Lesson 17: What To Do About A Poor Referee
What To Do About A Poor Referee
No matter how long you’ve coached, there’s no doubt you’ve walked away from a game saying to yourself “that referee was just awful.” Every coach, player, and sports parent has been there. For some people, these frustrations can boil over and turn into yelling or making sarcastic comments to the referee during the game. Screaming at referees seems to be a national pastime and is evident in all levels of sports. This is not okay.
While poor refereeing does happen, it’s important to start by saying that yelling, screaming or intimidating a youth referee is never the right course of action for a coach, player, or parent. In this article we will discuss the proper actions to address refereeing, but it is important to start with why yelling at a ref is always the wrong thing to do:
You are providing a poor role-model to your players
If you have children of your own, do you condone them screaming and throwing a fit when they are frustrated? Are you okay with them yelling at you when they don’t like a decision you’ve made? Of course not; parents work hard to teach their children how to interact and problem solve with others. By yelling at a referee, you are showing your players (and own children), that it is okay to throw a fit when you’re not getting your way.
Youth referees are often young themselves
Refereeing provides players often with their very first job ever. It has a flexible schedule, works around their own games that they play in, and allows them to be around the sport they love even more. Refereeing teaches responsibility, leadership, and communication. However, because they are young and any job has a steep learning curve, they will absolutely make mistakes. By yelling when these mistakes are made, you are publicly demeaning and shattering the confidence of young players. How long would you last in your current job if a superior publicly yelled at you every time they thought you made a mistake?
Referees are human
Are your players infallible? Are you? Would you be okay with someone yelling at your players, or even your child, whenever they missed a pass or had a poor touch? How long would your players stay in the game if they got yelled at in every game they played? How long would you coach for if the parents on your team yelled at you after every game? A parent walked over to another parent on the sideline of a youth soccer game:
“Which one is your child” the first parent asked.
“Why? the second responded.
“I just wanted to know who to yell at and tell how bad they are”
“What’s wrong with you?! You can’t do that to my kid”
“Why not? You’ve been doing it all game to mine”
“Who’s your kid?”
What To Do Instead
We’ve addressed why not to yell at a referee, but what should a coach do if they have a referee who is having a bad game?
Build a rapport
Before the game even begins, create a dialogue and learn the ref’s name. Referees will respect you and like the fact that you're talking to them like they are a human being.
Treat them with respect
If they make a call that you don’t agree with, ask them about in a non-threatening tone. For example, if there was an offside call, just ask which player was off. Don’t raise your voice. If you approach someone as “help me understand” rather than “you’re wrong” you will most likely get a respectful answer in return. This will also teach your players how to question authority in a mature manner.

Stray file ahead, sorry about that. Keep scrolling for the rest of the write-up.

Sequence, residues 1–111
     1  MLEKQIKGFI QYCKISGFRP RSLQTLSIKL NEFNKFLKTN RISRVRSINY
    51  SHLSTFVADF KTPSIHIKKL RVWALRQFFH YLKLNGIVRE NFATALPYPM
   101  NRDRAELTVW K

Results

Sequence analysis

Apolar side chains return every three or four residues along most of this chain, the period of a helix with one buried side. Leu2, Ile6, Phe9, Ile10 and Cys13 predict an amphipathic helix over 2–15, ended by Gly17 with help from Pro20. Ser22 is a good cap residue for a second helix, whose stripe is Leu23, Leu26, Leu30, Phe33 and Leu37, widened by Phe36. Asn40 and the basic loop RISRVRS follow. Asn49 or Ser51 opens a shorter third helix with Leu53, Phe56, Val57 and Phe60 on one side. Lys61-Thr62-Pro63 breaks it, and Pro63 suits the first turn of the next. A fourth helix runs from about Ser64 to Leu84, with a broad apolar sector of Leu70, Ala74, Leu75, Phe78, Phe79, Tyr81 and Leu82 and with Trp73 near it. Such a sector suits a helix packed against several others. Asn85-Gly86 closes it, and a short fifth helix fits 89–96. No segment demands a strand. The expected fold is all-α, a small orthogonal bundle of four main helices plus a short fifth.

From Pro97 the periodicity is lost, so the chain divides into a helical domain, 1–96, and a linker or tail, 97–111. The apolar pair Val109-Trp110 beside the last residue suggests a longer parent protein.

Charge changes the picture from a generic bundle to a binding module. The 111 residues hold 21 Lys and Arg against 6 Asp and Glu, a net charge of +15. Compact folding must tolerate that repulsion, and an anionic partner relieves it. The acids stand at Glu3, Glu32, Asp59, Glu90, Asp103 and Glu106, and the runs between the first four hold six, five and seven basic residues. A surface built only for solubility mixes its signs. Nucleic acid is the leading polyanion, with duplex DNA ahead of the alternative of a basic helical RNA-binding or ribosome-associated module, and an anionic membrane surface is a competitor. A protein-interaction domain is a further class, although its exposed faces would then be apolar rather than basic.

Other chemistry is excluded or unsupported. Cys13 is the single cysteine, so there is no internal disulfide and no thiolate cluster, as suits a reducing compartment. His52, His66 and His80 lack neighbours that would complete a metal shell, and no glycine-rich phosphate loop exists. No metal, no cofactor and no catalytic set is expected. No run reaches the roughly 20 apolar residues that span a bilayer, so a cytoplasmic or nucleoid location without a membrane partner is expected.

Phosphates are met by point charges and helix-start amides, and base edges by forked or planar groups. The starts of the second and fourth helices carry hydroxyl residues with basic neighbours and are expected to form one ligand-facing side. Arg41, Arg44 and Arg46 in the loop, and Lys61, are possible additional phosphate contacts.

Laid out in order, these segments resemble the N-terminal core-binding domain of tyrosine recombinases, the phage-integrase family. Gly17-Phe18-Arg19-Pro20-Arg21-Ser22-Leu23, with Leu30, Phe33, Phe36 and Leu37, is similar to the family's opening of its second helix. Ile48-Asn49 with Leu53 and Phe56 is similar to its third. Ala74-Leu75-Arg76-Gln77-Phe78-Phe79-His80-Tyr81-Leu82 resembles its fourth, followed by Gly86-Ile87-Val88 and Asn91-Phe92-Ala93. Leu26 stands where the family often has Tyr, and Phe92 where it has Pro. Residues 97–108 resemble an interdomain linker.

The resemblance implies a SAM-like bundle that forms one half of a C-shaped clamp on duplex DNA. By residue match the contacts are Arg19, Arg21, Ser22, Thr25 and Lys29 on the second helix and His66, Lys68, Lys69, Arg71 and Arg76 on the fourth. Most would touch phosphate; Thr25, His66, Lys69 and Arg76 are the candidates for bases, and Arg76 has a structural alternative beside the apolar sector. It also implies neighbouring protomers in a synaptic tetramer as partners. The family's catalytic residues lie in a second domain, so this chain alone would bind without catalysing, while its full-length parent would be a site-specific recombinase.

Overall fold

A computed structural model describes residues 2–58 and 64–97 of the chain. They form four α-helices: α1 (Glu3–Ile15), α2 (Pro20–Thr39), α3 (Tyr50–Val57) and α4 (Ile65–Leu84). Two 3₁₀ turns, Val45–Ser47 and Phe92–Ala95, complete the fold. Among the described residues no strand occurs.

Treat the referees like you would want to be treated
Doing this will help to develop a quality relationship with them during the game. Even if they are having a bad game, yelling at them will not improve their performance. In fact, it may diminish it further as they second guess all their calls. It’s okay to question a call, but you need to do it in a way that shows you respect them. Also, please note that sometimes you may not get an immediate answer back.
Ask a question after the game
When the game is complete, go to shake their hand, thank them, and ask a question about a call that you didn’t understand. It is important to watch your tone when you do this. Sometimes the referee will even say “coach, you were right I messed that one up.” Other times they may explain to you what they saw which will help you understand their point of view. Don’t drag it out, and please note that once a referee leaves the field THEY ARE DONE. Never follow a referee off the field or talk to them in the parking lot.
Understand you may be the one who is wrong
Since you are human and, most of the time, the referee is closer to the on-field action than you are. Therefore, it is reasonable to assume that they may see something that you do not. If it was easier to referee from the sideline, then why do referees run around in the middle? If a call happens that you do not agree with, note that the referee may be able to see something you can not. You are also capable of making mistakes!
Let the league know
If the referee had a truly poor performance (and, yes, it does happen), then talk to your league about it. Most recreational and competitive leagues have a method for referee feedback, and all referees have a Referee Assignor who is in charge of scheduling and training the referees in the league. If a referee gets repeated poor feedback, the Assignor may schedule them for easier games, or schedule an evaluation. It’s important to take this route, opposed to screaming at a ref during or after a game, because it gives the referee an opportunity to get feedback in a non-threatening manner. Everyone makes mistakes, and we want the referees to learn so they will stay in the sport and get better, rather then them quitting in frustration and embarrassment.
Also, please wait 24 hours before contacting a league about a referee. Let your emotions calm before you fire off an angry letter. It will be better received, and you will be more eloquent in your message.